Report: Longtime Nationals executive will resign rather than take COVID-19 vaccine

A scouting executive's 15-year tenure with the Washington Nationals is ending because of his refusal to take the COVID-19 vaccine.

The Nationals instituted a vaccine mandate for all non-player employees earlier this month, and the due date has apparently arrived. That has resulted in the impending departure of longtime executive Bob Boone, the father of New York Yankees manager Aaron Boone, as well as two scouts, according to The Washington Post's Jesse Dougherty.

Under the Nationals' policy, all unvaccinated employees have reportedly been placed on administrative leave and will have their contracts terminated on Sept. 15 unless they comply or provide a medical exemption.

The Nationals and the Houston Astros were the first teams to institute such policies, and now the Nationals may be the first team to sever ties over them.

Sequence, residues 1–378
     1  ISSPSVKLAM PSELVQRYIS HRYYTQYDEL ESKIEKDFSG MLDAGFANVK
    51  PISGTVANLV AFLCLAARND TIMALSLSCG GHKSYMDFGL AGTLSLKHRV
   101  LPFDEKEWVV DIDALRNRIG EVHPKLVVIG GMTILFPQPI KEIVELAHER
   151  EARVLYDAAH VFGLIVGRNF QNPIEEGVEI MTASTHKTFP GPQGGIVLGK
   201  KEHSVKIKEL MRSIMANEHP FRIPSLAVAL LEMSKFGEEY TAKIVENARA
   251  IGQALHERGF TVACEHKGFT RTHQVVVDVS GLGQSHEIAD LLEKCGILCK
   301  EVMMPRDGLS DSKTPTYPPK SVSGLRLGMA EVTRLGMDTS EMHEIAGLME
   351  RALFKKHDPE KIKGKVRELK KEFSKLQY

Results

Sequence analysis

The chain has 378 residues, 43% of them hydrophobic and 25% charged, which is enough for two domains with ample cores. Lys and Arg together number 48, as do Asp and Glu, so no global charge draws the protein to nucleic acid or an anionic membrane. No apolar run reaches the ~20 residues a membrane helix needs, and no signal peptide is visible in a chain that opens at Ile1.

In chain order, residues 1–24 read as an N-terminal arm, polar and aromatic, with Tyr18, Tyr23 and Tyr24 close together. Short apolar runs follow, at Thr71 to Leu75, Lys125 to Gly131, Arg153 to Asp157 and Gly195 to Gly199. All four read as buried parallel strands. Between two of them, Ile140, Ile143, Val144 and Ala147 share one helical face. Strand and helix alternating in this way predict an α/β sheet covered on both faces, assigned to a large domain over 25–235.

Bob Boone's son is vaccinated

The 73-year-old Boone, who spent 19 seasons as a catcher in MLB and six seasons as a manager, confirmed to the Post that he will leave the organization rather than comply with the policy.

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Boone has been with the Nationals since their inaugural season in 2005 and has worked as assistant general manager and vice president of player development. He reportedly remains a trusted adviser for general manager Mike Rizzo.

While the elder Boone is apparently unvaccinated, his son Aaron isn't. The Yankees manager, who has a heart condition, received the vaccine in March and has encouraged others to follow suit.

Making the situation even more awkward is that Bob Boone's grandson Jake, the son of former MLB second baseman Bret Boone, is a minor leaguer in the Nationals organization.